Press Release

Lawmakers hear clashing views on offshore wind turbines in Lake Erie

Lawmakers hear clashing views on offshore wind turbines in Lake Erie

By Sandra Tan
Published September 19, 2019|Updated September 19, 2019

There is no formal proposal to install wind turbines in Lake Erie waters off Western New York. But nearly 100 people showed up at an Erie County Legislature meeting on Thursday anticipating or fearing that day is coming soon.

Clean energy advocates pressed legislators to be open-minded about wind energy use. Though there are currently no freshwater wind farms in the United States, a six-turbine project is expected to be installed eight miles off the Lake Erie shores of Cleveland.

What has been informally introduced by the California-based Diamond Generating Corp., a subsidiary of Mitsubishi, is much larger. It would involve the installation of 50 wind turbines off the shores of the Town of Evans. Residents and public officials there have mounted an energetic campaign against any wind farm proposal off the shore of the town's 12-mile waterfront.

Wind energy advocates showed up by the dozens Thursday to decry a resolution by legislators Lynne Dixon and John Mills that preemptively opposes the construction of a Lake Erie wind farm.

Will Kempton, a published wind farm expert and professor with the University of Delaware, said a 200-megawatt wind farm could save seven lives a year.

"People actually die, you know, if you don’t reduce the amount of dirty energy that is produced," said Kempton, who was asked by the wind energy industry to appear at Thursday's hearing.

Chautauqua County Executive George Borrello referred to the "devastating environmental impact" such a project would have on the lake, leading to that county's bipartisan opposition to such a project.

"These industrial wind turbines are nothing but an investment scam," he said, referring to state and federal money these industries would be in line to receive. "The only green involved here, folks, is money."

Opponents referred to the stirring up of toxins on the lake floor and the harm and displacement of fish due to the noise and vibration of the wind turbines' installation and operation. They recounted Lake Erie's polluted past as a "dead lake." Now that the lake is rebounding, they said, nothing should set back that progress.

Proponents said that due to the shale bottom of the lake, wind turbines would not be hammered into the lake floor. Instead, companies would need to use new, innovative methods that would rely on giant "gravity" foundations that would sit on the floor's surface. Kempton also said that fish actually cluster around turbine structures and are popular spots for fishing charters.

Clarke Gocker, director for policy and strategy at PUSH Buffalo, also referred to recent state climate law that requires the state to transition from fossil fuels by 2050 and to meet zero emission targets by 2040.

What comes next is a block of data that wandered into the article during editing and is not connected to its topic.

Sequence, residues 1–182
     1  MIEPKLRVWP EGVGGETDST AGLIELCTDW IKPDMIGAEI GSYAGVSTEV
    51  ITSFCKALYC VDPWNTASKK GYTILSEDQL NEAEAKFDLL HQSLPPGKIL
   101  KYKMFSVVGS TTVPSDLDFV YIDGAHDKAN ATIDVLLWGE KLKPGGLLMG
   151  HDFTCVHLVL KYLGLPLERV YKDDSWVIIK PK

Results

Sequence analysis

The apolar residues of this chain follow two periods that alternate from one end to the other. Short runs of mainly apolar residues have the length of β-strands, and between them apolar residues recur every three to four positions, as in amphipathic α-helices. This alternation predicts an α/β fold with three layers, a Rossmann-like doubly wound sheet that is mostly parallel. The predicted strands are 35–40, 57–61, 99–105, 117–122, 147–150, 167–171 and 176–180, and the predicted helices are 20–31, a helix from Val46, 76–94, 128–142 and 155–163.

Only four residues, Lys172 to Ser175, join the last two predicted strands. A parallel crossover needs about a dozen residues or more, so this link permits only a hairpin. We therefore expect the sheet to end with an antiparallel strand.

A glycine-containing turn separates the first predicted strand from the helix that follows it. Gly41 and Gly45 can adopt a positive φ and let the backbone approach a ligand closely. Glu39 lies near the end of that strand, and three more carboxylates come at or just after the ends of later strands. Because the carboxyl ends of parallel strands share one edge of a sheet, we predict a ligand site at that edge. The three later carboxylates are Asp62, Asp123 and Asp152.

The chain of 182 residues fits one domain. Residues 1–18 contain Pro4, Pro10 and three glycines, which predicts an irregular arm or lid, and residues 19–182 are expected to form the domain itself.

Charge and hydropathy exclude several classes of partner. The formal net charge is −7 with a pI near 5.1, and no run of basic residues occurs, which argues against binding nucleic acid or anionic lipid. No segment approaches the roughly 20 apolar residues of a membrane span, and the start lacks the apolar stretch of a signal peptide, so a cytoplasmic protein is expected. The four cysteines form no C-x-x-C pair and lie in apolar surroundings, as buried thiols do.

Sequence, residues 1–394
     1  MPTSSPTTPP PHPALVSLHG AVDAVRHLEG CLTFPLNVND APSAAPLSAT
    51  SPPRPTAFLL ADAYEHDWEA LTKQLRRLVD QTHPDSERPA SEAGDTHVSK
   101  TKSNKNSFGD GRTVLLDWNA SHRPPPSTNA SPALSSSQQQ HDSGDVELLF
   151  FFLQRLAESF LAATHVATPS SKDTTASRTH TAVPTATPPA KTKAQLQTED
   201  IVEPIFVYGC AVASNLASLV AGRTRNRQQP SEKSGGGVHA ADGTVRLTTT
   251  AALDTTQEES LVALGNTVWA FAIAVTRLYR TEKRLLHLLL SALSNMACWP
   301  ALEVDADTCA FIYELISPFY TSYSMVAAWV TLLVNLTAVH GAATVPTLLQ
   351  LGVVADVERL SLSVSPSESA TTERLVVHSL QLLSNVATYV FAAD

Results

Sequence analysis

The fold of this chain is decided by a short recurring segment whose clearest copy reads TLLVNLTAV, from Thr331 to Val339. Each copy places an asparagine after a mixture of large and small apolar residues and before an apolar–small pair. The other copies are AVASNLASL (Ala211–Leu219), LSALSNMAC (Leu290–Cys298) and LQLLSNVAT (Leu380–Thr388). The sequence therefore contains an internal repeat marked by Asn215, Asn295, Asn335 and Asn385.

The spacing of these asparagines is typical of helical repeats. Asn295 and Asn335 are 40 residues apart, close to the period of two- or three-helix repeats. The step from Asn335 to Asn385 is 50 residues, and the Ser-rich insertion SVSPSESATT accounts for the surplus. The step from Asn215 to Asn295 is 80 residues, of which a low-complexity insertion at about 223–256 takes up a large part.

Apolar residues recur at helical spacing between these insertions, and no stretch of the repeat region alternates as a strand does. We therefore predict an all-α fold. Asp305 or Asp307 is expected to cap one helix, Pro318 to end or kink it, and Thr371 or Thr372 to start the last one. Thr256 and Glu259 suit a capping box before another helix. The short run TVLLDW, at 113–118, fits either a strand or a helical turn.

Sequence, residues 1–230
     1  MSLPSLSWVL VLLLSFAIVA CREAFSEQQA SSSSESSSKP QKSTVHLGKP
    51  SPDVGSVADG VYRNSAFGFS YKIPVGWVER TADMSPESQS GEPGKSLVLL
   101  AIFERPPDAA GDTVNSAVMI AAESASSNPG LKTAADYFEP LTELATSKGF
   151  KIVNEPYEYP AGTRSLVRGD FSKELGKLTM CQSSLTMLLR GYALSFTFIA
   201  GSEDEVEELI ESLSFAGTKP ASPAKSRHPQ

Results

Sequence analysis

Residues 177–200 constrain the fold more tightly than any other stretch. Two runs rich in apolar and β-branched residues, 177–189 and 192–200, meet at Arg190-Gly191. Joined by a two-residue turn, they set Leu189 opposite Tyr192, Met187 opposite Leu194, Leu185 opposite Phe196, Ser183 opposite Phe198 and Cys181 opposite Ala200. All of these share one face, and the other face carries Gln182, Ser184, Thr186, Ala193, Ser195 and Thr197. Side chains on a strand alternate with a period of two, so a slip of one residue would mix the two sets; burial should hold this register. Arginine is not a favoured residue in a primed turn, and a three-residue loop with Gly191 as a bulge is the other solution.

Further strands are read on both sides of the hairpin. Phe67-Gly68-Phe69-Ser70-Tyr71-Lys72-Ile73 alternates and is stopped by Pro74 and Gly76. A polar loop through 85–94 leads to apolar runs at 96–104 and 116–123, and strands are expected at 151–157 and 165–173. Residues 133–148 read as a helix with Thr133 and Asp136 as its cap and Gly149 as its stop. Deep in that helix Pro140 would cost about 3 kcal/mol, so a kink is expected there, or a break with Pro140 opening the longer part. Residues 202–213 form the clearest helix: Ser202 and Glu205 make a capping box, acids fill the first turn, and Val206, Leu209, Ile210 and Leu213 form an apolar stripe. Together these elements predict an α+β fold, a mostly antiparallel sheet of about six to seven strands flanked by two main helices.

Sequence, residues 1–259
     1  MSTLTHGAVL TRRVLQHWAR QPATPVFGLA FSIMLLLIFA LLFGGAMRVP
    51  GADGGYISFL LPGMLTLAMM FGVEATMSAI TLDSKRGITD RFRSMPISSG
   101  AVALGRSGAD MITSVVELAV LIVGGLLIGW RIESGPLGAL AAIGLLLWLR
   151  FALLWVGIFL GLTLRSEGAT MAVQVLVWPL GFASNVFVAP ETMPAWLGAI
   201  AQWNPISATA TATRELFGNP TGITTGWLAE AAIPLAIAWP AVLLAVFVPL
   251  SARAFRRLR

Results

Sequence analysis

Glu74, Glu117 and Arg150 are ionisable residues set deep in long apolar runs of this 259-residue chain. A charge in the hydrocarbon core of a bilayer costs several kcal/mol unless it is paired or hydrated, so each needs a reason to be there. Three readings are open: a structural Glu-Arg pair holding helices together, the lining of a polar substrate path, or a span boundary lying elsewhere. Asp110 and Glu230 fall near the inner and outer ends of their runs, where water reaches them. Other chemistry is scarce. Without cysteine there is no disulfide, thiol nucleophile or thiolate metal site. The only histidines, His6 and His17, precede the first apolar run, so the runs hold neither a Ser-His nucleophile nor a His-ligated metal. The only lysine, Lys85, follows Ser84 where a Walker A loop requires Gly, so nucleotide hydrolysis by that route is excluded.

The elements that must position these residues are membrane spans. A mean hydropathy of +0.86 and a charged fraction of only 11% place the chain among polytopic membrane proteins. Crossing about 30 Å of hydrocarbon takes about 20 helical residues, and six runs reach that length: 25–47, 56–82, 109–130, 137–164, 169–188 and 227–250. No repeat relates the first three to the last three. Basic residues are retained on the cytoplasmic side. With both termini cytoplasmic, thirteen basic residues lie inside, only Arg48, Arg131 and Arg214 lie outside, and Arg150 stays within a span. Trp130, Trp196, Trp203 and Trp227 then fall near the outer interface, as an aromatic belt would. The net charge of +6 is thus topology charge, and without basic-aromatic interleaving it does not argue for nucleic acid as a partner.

The wind industry is interested in offshore wind farming because wind picks up speed as it moves across the water, creating more potential energy. Because wind energy is considered pollution and emissions-free, Brian Smith, associate director of Citizens Campaign for the Environment, said local governments should not shut the door on green energy and green jobs due to "misinformation and fear."

"Give wind a chance," he said.

Dixon and Mills reasserted their opposition to the project, adding their voices to that of Rep. Chris Collins and State Sen. Chris Jacobs. But Energy and Environment Chairman Timothy Meyers said the Legislature has no reason to weigh in on the matter yet since no formal wind farm proposal has been brought forward by anyone.

State Leaders Strike Agreement on Historic Climate Bill

PRESS STATEMENT

For immediate release: June 18, 2019

For more information, contact: Adrienne Esposito, 516-390-7150, aesposito@citizenscampaign.org

STATE LEADERS STRIKE AGREEMENT ON HISTORIC CLIMATE BILL

CCE commends the Governor and legislative leaders for bold legislation to make New York a national leader on climate; call for passage before the end of session

 

Albany, NY—Today the Governor and legislative leaders in the Assembly and Senate came to an agreement on climate legislation, known as the Climate Leadership and Community Protection Act (A.8429 – Englebright / S.6599 – Kaminsky). The legislation would require 70% of the state’s electricity to be generated by renewable sources by 2030, zero emissions from statewide electrical generation by 2040, an 85% reduction in GHG emissions by 2050, net zero emissions in all sectors of the economy, and funding for frontline communities disproportionately impacted by the climate crisis. In response to the agreement, Adrienne Esposito, Executive Director for Citizens Campaign for the Environment (CCE), said:

“Enactment of the Climate Leadership and Community Protection Act will make New York State a trailblazer in the fight against climate change.  This is exactly the type of leadership that this nation needs right now. From the devastation caused by Superstorm Sandy downstate, to the historic flooding occurring along Lake Ontario upstate, every corner of New York State is already feeling the impacts of climate change.